Function composition with ClojureScript & Node


We have talked a lot about functional composition in the last few posts. As I look at Clojure I feel it captures the best of what we hold dear in functional programming. If you ignore the lack of "types", Clojure comes pretty close to the perfect language if you want to compose software using small functions. I was also very impressed by the book -, it captured some important ideas really well, for example -

"We can think about functional programming as a description of data in motion. Unlike imperative code that makes us think about algorithms in terms of statements that assign and mutate data, we can think of our code as a description of how data flows through our program. Functions are the key to writing such declarative programs. Each function has zero or more input values (argument), and they always return some output value."

ClojureScript for JS devs here is also a great read in general.

In functional programming the most important values are composability, functional purity, and immutability (and of-course first class functions with currying). Clojure excels in all of these areas (JS on the other hand has no immutablity out-of-the-box). So I tried to build a small "feature" using Clojure, however since I mostly use Node.js I did not want to jump into the deep end with JVM but try something simple with shadow-cljs and Fastify.js (so technically this is all ClojureScript).

I also looked at NBB which is great for starting up or building scripts in ClojureScript. In the node world, the main issue is composition of "async" and normal functions, I tried to build that bridge with promesa which is from the NBB world.

So let us look at a simple feature -

  1. With HTTP as in interface
  2. We receive some payload, say a simple user registration data (email, password etc.)
  3. We validate the payload
  4. We make a remote HTTP call, to enrich the data
  5. We insert a record in the DB
  6. We return a response

So this is pretty simple, we have some sync and some async functions in there. We model this in a way that each request is handled by a "handler", the handler has a state that is modified with each function as we process the request. So in essence it looks like -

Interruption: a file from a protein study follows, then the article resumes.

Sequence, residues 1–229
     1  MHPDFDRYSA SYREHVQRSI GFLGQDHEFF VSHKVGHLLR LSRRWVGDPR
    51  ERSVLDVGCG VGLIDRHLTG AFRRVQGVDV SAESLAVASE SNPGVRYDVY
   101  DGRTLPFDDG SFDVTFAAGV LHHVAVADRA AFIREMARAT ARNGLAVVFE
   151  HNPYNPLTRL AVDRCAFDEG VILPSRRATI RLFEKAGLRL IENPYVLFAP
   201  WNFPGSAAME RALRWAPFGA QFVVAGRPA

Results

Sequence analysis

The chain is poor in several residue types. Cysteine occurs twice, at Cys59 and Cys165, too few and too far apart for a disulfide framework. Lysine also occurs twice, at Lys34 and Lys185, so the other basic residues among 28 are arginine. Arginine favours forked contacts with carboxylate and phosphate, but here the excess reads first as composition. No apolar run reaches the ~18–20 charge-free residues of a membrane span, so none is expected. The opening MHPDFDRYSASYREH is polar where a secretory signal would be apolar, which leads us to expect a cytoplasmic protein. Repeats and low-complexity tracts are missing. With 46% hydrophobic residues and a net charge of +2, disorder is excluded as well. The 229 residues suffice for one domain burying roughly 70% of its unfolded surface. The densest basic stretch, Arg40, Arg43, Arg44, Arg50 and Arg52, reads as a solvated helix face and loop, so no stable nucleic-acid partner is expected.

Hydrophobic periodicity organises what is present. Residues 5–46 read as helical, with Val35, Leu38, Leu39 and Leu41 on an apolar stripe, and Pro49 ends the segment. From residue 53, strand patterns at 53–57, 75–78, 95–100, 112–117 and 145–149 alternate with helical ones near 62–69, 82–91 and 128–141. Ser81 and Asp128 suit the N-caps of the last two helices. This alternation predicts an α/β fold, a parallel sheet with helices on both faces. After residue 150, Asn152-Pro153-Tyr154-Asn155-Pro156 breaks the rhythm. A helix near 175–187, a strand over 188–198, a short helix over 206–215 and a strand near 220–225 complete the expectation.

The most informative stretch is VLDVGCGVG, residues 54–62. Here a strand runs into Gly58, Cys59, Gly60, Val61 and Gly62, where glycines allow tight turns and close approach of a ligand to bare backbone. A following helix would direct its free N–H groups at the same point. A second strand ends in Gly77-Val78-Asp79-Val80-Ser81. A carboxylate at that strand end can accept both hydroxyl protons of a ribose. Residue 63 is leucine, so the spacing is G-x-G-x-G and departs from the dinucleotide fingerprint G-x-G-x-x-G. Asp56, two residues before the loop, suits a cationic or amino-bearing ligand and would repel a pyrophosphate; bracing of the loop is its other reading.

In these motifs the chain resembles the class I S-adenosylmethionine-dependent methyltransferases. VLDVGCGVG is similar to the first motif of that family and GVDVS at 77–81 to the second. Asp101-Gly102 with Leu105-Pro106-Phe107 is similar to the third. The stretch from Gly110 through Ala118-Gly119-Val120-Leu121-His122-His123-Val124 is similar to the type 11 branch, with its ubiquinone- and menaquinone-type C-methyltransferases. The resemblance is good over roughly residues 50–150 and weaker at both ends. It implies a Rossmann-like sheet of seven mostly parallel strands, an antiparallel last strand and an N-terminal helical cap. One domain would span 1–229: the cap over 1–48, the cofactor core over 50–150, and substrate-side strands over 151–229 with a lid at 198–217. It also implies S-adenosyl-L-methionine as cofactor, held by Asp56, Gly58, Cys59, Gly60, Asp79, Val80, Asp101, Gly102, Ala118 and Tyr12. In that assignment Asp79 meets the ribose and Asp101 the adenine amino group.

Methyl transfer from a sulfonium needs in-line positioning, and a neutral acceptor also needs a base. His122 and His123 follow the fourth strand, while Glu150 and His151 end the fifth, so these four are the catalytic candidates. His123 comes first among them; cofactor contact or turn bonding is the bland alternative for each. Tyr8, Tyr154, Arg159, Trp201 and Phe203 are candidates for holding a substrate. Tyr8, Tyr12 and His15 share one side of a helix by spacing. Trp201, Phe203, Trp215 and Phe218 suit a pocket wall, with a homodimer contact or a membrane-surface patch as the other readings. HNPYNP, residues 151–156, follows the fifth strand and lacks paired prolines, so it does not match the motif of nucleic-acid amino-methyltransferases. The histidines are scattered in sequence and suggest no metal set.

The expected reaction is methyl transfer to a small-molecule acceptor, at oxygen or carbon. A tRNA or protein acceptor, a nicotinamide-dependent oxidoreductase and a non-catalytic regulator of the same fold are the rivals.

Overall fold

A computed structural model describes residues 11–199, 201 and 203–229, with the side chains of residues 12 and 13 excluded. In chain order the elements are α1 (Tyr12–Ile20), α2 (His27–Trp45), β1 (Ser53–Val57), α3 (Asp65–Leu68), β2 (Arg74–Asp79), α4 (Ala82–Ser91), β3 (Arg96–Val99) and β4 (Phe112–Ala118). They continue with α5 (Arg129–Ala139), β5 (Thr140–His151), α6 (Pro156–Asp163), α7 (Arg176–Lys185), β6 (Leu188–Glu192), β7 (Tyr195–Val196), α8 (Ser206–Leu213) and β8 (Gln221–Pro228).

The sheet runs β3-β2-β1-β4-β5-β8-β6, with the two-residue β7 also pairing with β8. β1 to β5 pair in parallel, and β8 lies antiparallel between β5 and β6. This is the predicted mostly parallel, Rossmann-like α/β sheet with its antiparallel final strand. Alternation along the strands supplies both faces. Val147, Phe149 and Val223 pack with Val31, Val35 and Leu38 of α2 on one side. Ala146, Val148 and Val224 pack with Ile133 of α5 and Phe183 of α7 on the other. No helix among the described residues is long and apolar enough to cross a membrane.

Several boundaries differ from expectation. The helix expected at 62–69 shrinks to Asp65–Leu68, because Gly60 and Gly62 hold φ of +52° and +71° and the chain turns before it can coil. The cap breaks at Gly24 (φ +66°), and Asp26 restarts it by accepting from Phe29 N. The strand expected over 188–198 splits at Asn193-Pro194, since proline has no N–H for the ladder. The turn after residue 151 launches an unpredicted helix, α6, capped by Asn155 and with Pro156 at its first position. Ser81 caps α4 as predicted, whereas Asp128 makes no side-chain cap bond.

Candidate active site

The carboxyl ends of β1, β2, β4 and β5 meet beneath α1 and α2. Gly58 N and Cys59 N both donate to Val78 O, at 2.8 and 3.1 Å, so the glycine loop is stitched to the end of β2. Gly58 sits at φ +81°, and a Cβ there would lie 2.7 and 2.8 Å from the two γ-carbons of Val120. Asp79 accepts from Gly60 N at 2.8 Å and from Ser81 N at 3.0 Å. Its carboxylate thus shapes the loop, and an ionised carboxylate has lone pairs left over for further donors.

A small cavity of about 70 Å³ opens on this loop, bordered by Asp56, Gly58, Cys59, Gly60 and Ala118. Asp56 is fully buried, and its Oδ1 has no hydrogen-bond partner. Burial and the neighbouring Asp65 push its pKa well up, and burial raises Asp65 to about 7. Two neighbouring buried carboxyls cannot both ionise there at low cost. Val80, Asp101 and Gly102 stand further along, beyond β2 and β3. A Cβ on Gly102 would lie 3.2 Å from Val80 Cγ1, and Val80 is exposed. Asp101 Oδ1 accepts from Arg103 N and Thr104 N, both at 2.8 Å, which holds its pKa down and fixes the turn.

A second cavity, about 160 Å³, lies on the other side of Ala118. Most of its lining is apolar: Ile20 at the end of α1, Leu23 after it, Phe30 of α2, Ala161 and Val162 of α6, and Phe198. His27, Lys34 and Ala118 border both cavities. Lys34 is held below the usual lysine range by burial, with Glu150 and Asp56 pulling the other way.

(ns app.web.controllers.users
    (:require [clojure.string :as str]
        [promesa.core :as p]
        ["node-fetch" :as fetch]))

(def base-state {:email ""
                 :password ""
                 :password-confirmation ""
                 :location ""
                 :valid false
                 :created false
                 :some-db-conn {}
                 :some-http-client {}
                 :response {}})

(defn validate [email password password-confirmation]
        [(str/includes? email "@") (> (.-length password) 5) (= password password-confirmation)]
        (every? true?)))

(defn fetch-uuid-v1 []
    (p/let [response (fetch "")]
        (.json response)))

(defn init-state [handler-state req-body]
    (swap! handler-state assoc :email (get req-body "email"))
    (swap! handler-state assoc :password (get req-body "password"))
    (swap! handler-state assoc :password-confirmation (get req-body "password_confirmation"))

(defn validate-request [state]
    (let [st @state valid (validate (:email st) (:password st) (:password-confirmation st))]
        (if valid (swap! state assoc :valid true) (throw (js/Error. "Bad input!"))))

(defn enrich-data [state]
        (p/delay 50) ;; assume we do some service invocation here
        (swap! state assoc :location "de")
        (p/promise state)))

(defn insert-in-db [state]
        (p/delay 25) ;; assume we do some DB invocation here
        (swap! state assoc :created true)
        (p/promise state)))

(defn set-response [state]
        (fetch-uuid-v1) ;; just another random async call for fun
        ((fn [resp] (swap! state assoc :response (js->clj resp))))
        (p/promise state)))

(defn create [req-body]
    (let [handler-state (atom base-state)]
        (add-watch handler-state :watcher
            (fn [_key _atom old-state new-state]
                (prn "-- handler-state changed --")
                (prn "old-state" old-state)
                (prn "new-state" new-state)))
        (p/->> req-body
            (init-state handler-state)
            (:response @handler-state))))

In the last 8 lines, we have our main "composition". In each of these state modifiers / functions we get a state and return a modified state. In ClojureScript global state is very cleanly expressed and encapsulated in an aptly named "atom", on top of everything an atom also provides hooks to add watchers and validations to it.

Secondly, using "promesa" we can write some async code easily with the "p/->>" macro, the only thing I had to keep in mind was wrapping the state in "p/promise" when returning from an "async" function. The whole project is available on my github repo.

Well, this is it. This code setup is quite readable, scalable and can work for any sort of web service with each "handler" written this way. The final built code is also pretty fast, you can expect the same kind of performance that Fastify.js would give you with native JS. The advantage here is that we have written clean code with immutable data and functional composition.